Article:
Q.15 Do you agree with the Scottish Government’s position on the collection and use of feedback to identify welfare risks in transport and proposed course of action? Please provide any further relevant information.

Alignment of enforcement of welfare in transport

FAWC recommends that the enforcement between LAs and APHA should be better aligned and with improved collaboration so that transport and animal welfare remain a priority. This will require stronger liaison with LAs on improving transporter performance or APHA should impose direct action during visits on farm during inspections.

FAWC recommends penalties to reduce non-compliance of a regulation should warrant further work. Finding the right penalty option (i.e. suspend or revoke vehicle approval and certificates of competence or fixed term notices) to determine which would benefit the welfare of the animals in the long term by reducing the numbers of non-compliance.

FAWC recommends that more education and training, including use of agreed guidance, is applied to all those involved with the transport process.”

In response to these recommendations it is the view of the Scottish Government that together with the provision of guidance to support compliance and promotion of best practice, effective enforcement is key to identifying and addressing concerns and plays an important role in incentivising compliance. Local authorities and other UK enforcement authorities (especially APHA) each have important roles and responsibilities, and it is vital that they work closely and collaboratively with each other.

This includes alignment and coherence of priorities, protocols and ways of working. We support FAWC’s recommendation that all parties involved in enforcement should operate in a well-aligned, collaborative and unified way. Existing information sharing and liaison arrangements exist, and we agree that these could usefully be reviewed to help identify improvements. This could include how enforcement performance is monitored and managed, and how the authorities are using the powers they hold.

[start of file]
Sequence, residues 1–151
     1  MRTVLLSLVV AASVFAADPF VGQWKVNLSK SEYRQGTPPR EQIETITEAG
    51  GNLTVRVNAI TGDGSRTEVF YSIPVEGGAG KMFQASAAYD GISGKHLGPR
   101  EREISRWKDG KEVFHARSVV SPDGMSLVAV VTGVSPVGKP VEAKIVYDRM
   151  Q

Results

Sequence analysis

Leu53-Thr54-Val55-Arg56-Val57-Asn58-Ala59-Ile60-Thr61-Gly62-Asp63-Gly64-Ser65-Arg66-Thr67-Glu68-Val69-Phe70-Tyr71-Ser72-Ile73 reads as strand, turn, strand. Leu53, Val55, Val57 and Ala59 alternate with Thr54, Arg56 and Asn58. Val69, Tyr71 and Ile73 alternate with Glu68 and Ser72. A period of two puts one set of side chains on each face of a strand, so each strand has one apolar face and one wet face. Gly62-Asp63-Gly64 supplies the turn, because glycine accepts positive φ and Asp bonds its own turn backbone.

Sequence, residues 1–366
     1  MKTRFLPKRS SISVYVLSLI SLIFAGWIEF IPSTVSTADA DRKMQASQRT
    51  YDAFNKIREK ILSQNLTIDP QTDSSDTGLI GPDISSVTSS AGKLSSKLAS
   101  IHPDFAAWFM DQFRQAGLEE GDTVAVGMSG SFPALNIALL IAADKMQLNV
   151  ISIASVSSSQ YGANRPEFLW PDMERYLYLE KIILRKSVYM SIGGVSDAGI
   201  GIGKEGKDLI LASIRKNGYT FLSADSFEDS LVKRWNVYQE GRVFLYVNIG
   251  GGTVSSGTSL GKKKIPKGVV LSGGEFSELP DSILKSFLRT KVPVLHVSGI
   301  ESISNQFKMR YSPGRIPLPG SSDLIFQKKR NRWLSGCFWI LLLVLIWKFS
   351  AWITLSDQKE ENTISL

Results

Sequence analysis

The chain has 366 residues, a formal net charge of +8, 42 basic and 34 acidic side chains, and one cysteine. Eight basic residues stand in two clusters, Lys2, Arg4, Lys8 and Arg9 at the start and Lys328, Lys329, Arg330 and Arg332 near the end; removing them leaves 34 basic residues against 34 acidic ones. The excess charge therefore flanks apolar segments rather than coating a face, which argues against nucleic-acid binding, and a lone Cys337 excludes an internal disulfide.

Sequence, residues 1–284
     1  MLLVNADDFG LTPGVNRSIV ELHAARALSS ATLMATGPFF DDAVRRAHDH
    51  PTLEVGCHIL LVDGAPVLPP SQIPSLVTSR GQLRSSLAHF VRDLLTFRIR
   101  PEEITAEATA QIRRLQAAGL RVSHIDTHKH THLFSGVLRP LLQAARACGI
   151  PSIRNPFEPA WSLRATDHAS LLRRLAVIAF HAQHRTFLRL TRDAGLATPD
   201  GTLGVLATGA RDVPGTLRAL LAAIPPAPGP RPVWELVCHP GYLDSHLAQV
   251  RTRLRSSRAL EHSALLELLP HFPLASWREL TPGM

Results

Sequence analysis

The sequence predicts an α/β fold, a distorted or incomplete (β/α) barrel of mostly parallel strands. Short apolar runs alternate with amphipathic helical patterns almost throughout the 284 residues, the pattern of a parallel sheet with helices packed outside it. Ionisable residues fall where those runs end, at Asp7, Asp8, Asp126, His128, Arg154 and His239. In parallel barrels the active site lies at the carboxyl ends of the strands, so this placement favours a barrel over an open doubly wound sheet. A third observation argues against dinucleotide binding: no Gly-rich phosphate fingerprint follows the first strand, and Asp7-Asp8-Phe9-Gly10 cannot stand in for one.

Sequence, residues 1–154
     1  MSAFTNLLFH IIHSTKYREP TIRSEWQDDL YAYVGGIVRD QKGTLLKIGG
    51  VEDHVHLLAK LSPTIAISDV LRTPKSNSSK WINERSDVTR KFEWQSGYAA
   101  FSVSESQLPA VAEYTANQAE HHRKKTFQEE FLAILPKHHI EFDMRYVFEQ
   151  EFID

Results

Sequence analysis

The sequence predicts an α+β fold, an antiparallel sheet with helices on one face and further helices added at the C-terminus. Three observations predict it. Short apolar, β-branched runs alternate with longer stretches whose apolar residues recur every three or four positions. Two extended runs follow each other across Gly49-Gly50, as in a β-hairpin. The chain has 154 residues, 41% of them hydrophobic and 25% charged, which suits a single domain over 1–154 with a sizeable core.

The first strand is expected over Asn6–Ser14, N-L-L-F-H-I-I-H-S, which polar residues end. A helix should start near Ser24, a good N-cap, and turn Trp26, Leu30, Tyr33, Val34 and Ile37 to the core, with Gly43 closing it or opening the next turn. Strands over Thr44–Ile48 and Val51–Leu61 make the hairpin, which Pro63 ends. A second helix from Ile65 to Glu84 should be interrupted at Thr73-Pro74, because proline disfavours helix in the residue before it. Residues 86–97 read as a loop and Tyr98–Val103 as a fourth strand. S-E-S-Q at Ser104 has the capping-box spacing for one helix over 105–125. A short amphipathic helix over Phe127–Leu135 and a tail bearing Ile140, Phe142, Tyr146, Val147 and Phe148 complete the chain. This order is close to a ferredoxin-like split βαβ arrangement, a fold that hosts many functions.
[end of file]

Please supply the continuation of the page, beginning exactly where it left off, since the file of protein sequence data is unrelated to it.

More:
We agree that effective enforcement involves being able to apply the right types of penalties, and that we could usefully review the current range of available penalties, including in what circumstances they can be applied and also their depth and scale.

Currently, a person failing to comply with the Welfare of Animals (Transport) (Scotland) Regulations 2006 may be liable on summary conviction to imprisonment for a term not exceeding three months or to a fine not exceeding level 5 on the standard scale or to both. The Scottish Government will consider the introduction of fixed penalty notices for animal transport and other animal welfare offences now that the necessary powers have been provided by the recent Animals and Wildlife (Penalties, Protections and Powers) (Scotland) Act 2020.

We agree with FAWC’s earlier recommendation that further research on attitudes towards compliance would help inform to what extent improved compliance is best addressed by providing more support and guidance. Further research proposals would be considered alongside other priorities. As before we agree that more education, training, guidance and other support to enable and promote improved compliance should be considered.

Q.16 Do you agree with the Scottish Government’s position on the enforcement of welfare of animals in transport and proposed course of action? Please provide any further relevant information.

Welfare at destination

FAWC recommends that no animals shall be transported to a destination where the welfare conditions are lesser or contrary to UK legislation or codes of practice.”

In response to this recommendation it is the view of the Scottish Government that in order for export journeys not to be associated with worse animal welfare, we should also take into account the welfare protections applying to animals after they have arrived at their destination.

We agree that consideration of future regulatory requirements should include what sort of approvals regime to apply to export journeys, including what sort of assurances to require about the post-export protections applying to animals after they have arrived abroad. In principle we agree with FAWC that no animal should be transported to a destination where the welfare conditions would be unacceptable in the UK. We wish to consider further how that might be applied in practice.

Q.17 Do you agree with the Scottish Government’s position on post-export protection of animal welfare and proposed course of action? Please provide any further relevant information.


Contact

Email: FAWCtransportconsultation@gov.scot